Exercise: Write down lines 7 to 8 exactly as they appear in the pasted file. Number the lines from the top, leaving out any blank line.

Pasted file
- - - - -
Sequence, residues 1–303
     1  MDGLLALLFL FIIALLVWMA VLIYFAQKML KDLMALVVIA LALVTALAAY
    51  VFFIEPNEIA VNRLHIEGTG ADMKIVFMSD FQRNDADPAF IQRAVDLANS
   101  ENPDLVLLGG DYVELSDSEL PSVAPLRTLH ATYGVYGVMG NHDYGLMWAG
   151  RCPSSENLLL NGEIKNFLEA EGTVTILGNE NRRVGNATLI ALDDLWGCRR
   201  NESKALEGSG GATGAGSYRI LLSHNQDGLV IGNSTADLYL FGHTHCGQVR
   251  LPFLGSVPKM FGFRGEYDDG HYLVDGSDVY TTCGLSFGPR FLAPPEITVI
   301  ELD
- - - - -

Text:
   251  LPFLGSVPKM FGFRGEYDDG HYLVDGSDVY TTCGLSFGPR FLAPPEITVI
   301  ELD